The Texas Rangers Trade for Geovany Soto, Now What?

The Texas Rangers made their first trade of the 2012 season late on Monday night, sending Double-A pitcher Jake Brigham to the Chicago Cubs for catcher Geovany Soto. The corresponding move to this transaction will be the disposal of Yorvit Torrealba from the 25-man roster via designation for assignment, at which point he can be claimed off of waivers by another team, traded, or released outright. The move to bolster backup catcher was not the impact move many expected the Rangers to make, but it was one that was presenting itself as more and more of a need. However, that move will likely not be the last the Rangers make before the 3pm local time trade deadline on Tuesday. Instead, it may only be the first domino.

The Rangers have two needs that they must fill via trade this year. The first need has been an obvious one since Spring Training: the bench. If the Rangers expect to make another run at the World Series this year, they will need to upgrade the weapons on the bench that can make a late-inning impact in critical games. Brandon Snyder has filled the role of right-handed 1B/OF bench option well so far in this season, but if a better option can be found in the trade market, it absolutely must be pursued. Reed Johnson was available, but he was shipped from Chicago to Atlanta on Monday night, so he is off the table. The two remaining options that seem to be the best fit would be Scott Hairston of the New York Mets and Shane Victorino of the Philadelphia Phillies. Both of these players may be difficult to acquire at the right price, as their current teams view them as more than just a bench bat, and the Rangers are not likely to pay the price for a starter when all they need is a substitute. They would fit the role perfectly though, as they can hit lefties, are not under contract beyond 2012, and they could bring another veteran presence to the Rangers already-strong clubhouse. Other options that are out there, but I consider even more remote possibilities are Shin-Soo Choo and Corey Hart. It is also not out of the question for the Rangers to make a trade for this need after the July 31st non-waiver trade deadline, when players can still be traded up until August 31st, but only after being run through league-wide waivers first. The Rangers made a valuable acquisition in Mike Gonzalez in 2011 through this method, and in 2010 they found Jeff Francoeur in the same way.

The second need that the Rangers have is more obvious, and more recently pressing. After the season-ending injury to Colby Lewis, the elbow injury that has knocked Neftali Feliz out of the rotation, and the struggles of Roy Oswalt, Texas needs another starting pitcher. The trade market for starting pitching has been relatively quiet so far. Zack Greinke and Francisco Liriano were moved, but Matt Garza, Ryan Dempster, Cliff Lee and Josh Johnson all remain locked in with their existing teams with reports of high demands by their current employers from potential trade partners for their services. The Rangers don’t seem to be eager to meet those high demands, so a starting pitcher likely will not be acquired.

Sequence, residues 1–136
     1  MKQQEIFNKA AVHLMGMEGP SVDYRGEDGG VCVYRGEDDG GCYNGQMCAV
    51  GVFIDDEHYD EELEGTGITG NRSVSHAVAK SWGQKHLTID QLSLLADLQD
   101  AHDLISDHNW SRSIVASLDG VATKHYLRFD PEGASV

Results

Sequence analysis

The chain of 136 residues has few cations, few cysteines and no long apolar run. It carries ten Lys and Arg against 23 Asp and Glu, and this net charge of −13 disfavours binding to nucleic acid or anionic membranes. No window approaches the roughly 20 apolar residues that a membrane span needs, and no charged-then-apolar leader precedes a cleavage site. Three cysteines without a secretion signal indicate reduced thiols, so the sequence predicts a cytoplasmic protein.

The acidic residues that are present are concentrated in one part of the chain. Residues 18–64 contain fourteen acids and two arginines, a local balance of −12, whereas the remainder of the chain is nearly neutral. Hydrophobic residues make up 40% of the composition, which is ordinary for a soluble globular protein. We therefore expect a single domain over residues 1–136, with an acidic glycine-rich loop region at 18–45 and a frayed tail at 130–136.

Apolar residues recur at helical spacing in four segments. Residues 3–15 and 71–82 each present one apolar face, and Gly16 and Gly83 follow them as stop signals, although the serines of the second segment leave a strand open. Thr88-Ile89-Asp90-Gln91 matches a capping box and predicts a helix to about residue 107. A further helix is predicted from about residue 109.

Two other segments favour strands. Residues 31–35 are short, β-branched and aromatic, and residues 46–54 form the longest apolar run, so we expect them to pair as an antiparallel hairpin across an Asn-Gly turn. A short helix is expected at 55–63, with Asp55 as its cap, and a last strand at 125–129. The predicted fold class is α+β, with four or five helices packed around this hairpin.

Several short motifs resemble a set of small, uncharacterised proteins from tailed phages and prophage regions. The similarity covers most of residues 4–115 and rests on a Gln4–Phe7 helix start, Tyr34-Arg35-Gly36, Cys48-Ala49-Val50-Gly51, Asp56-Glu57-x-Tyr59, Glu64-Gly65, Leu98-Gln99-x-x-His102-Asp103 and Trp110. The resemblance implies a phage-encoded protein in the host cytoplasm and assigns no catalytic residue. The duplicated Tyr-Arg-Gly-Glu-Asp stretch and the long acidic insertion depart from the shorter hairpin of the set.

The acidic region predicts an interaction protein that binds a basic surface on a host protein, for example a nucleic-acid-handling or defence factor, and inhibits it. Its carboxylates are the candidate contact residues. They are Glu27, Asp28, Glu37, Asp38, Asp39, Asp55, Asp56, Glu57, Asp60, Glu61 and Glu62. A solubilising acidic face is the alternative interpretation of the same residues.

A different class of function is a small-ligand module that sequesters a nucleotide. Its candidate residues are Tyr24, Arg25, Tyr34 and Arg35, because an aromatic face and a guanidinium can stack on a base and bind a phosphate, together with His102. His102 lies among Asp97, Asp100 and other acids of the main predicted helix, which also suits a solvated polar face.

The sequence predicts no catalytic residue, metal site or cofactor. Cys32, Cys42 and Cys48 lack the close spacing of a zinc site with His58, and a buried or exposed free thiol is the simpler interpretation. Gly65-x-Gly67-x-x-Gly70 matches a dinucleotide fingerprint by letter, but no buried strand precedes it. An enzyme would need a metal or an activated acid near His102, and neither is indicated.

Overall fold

Instead, the Rangers will look to get better from within. The Rangers general manager, Jon Daniels, recently said that “the best players we can acquire are already in our organization”. By this, he was referring to pitchers coming back from injuries. The bullpen has been held together with duct tape and Joe Nathan’s bubble gum for the last month, and is in need of reinforcement. Mark Lowe, Koji Uehara, and Feliz should all find their way into the pen at some point. If a starter cannot be traded for, that leaves an opportunity for Alexi Ogando to jump to the rotation and attempt to repeat success similar to that of 2011.

If Ogando makes that transition, it leaves a hole in the bullpen, and that is a hole that could be filled in the trade market much more easily than finding a starter. If Uehara and Feliz’s injuries do not heal as quickly or effectively as desired, there could even be two holes in the bullpen that need to be filled. Rafael Betancourt and Jonathon Broxton are two names that have been rumored to be available and options for the Rangers. They would be good fits to do the job, but my rule is that if you hear a player’s name tied to the Rangers as a possible trade candidate, you can almost guarantee the Rangers won’t actually be getting that player. Look for the Rangers to instead target relievers who are not currently in a closer’s role, but have closer stuff. Some possibilities are names you probably don’t know very well: Matt Belisle of Colorado, Tom Wilhelmsen of Seattle (though Seattle just traded two of their relievers, so that may be less likely), David Hernandez of Arizona, or Texas could pilfer the young and talented bullpen of their Spring Training complex-mates the Kansas City Royals in the persons of Greg Holland or Tim Collins.

The Rangers still have more options than any team in baseball. The move for Soto is nice, but it’s low impact. Low impact has not been the operating procedure for the Rangers the last two years. They will be making more moves, and all signs point to finding a bat and an arm or two to give Texas a boost and solidify the roster for another deep run in October.

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